It probably took up all of the goodwill between us for me to ask mohammed to drive me to the ACE (animal care in egypt) centre. He insisted it was far. I suggested it was only 5km away.
My last day in egypt, i had enough of shopping, wasn’t sure about pestering the locals on the west bank, and happened to read about the centre, which promised to answer the question i had since the very beginning of the trip: what happens to all the horses and work animals?
I guess i was expecting a bloody mess, but the centre looked very well-run. The animals were a world apart from the ones out in the street. A happier world. Some , but at least they were in healing hands. Their affection and familiarity with the lady giving me the tour (sorry i forgot her name) was obvious.
Mid-speech at the cats enclosure, the lady noticed a cat frothing at the mouth. I was shunted to a side as she and another volunteer sprung into action at this mini crisis. I trailed behind as she made her way one animal at a time, explaining where they’d come from, talking to them, looking over them intently. The real interaction was between her and the animals, i was merely the visitor on the fringe, and i was heartened at that.
Later, i spoke with the niece (there goes memory again..) of kim taylor, the founder of the centre. She was so warm, generously sharing about the centre and the obstacles that came along with it. Much of the work was building up trust with the community, much effort has to go towards educating misplaced beliefs. I can’t imagine the bureaucratic and cultural walls they bump up against. They receive something like 100 animals a day.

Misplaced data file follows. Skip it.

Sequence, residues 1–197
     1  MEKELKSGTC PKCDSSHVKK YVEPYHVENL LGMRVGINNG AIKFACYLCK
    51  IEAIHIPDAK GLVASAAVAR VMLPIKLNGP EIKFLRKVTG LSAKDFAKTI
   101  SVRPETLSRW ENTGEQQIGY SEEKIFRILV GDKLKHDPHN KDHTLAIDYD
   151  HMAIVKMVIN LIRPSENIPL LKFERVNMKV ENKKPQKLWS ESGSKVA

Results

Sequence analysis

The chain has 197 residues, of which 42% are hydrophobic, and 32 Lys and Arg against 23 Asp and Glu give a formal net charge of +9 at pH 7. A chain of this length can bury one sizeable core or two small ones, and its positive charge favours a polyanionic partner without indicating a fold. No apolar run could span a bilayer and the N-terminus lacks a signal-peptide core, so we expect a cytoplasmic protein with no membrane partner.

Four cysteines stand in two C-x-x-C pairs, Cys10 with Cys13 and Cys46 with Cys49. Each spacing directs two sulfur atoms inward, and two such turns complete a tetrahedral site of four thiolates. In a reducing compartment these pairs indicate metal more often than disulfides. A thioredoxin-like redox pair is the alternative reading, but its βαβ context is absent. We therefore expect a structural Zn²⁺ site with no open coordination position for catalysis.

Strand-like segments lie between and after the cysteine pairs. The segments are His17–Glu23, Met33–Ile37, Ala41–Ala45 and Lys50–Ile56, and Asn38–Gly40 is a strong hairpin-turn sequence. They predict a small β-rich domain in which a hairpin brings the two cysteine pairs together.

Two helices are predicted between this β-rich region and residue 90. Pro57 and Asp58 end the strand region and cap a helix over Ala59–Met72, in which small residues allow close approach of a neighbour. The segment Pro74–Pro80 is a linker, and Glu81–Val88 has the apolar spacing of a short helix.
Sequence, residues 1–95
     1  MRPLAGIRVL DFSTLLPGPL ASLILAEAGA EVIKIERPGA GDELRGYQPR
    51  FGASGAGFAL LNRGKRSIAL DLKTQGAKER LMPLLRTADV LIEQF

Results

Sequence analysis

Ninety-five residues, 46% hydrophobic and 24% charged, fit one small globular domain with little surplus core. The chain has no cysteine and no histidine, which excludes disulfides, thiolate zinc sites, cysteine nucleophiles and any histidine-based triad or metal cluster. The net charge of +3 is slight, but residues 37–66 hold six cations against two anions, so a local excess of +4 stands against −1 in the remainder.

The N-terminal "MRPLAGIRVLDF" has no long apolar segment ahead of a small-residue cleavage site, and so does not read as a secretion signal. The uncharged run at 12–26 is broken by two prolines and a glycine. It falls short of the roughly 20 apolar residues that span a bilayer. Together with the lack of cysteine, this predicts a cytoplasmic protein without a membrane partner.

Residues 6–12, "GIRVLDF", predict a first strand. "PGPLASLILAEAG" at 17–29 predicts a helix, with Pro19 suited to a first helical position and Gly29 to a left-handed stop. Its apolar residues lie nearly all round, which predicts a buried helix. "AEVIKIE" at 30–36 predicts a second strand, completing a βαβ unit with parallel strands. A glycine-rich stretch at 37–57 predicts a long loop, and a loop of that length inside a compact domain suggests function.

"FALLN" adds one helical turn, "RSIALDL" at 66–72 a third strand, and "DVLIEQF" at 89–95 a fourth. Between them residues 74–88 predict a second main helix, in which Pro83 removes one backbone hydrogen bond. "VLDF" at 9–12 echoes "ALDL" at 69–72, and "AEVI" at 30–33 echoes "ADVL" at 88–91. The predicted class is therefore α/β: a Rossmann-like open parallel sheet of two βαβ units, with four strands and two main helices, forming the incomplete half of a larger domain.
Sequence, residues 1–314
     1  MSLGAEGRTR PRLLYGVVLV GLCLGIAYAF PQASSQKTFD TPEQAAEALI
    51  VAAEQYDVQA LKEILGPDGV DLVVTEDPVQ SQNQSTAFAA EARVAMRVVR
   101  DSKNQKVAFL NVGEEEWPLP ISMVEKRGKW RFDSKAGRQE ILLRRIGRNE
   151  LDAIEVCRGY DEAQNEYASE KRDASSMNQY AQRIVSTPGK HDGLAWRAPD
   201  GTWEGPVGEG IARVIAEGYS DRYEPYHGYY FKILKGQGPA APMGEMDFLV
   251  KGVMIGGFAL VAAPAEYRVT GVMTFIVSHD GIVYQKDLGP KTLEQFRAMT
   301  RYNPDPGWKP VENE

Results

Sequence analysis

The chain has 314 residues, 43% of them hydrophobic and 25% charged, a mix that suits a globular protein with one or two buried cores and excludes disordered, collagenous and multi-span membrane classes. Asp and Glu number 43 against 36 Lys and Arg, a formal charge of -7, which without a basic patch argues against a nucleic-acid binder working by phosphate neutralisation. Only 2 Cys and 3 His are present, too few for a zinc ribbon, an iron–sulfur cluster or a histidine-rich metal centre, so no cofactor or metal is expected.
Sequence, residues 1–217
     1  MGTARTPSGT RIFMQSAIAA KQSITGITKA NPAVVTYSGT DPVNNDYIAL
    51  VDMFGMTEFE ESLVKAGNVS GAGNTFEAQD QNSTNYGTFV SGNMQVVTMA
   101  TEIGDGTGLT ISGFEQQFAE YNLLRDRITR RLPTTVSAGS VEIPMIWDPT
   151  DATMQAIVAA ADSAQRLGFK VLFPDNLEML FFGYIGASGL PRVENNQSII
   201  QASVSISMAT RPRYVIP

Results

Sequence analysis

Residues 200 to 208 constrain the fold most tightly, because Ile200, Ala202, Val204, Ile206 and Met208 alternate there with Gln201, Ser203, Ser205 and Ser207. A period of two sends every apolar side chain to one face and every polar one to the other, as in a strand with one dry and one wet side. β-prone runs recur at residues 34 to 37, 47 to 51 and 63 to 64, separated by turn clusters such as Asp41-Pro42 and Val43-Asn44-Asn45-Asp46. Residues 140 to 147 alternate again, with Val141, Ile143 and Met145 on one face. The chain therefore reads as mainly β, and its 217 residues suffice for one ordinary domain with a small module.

She also helped clear up some leftover cultural puzzles, mainly: no– it really never is a good idea to walk around with any limb exposed (“honestly!”). It made me feel justified trussed up in my sleeves and scarves.
I think about the horse that dragged us around giza, his shoes slipping on the stone slopes. His harness digging open sores on his back. We could have asked for a better horse. But the fact of the matter was that would simply have been an exercise in choosing the lesser of evils.
The ACE website goes into detail about the kinds of problems commonly faced, and how you can help.
On the way here, mohammed had kept giving me dubious looks the entire journey.
I only realised why when we pulled up beside luxor hospital, for people. I lol-ed in his car. Try miming animals. it makes you less of a stranger with anyone instantly. But he got me, his large shoulders heaving in laughter, and i bet, relief. At least his seemingly well visitor had no need for that kind of doctor.
Afterwards, mohammed insisted we had tea. We took the position i had grown accustomed to seeing in egypt: a couple of bros (i guess i was as brolike as the circumstances allowed) sitting side by side outside a cafe, staring out into the street. But sans shisha.
He spoke about how some doctors were corrupt in egypt, funneling money meant for development into their own pockets.
Mohammed asked: good hospital?
Me: Yes, very good.
Mohammed: doctor, good?
Me, emphatically nodding: Yes, they are very very nice. The animals are very good.
He grunts, still a little dubious. But i could see him thinking.
He also told me about his ex-wife. His voice had a hint of impatience and hurt left in it.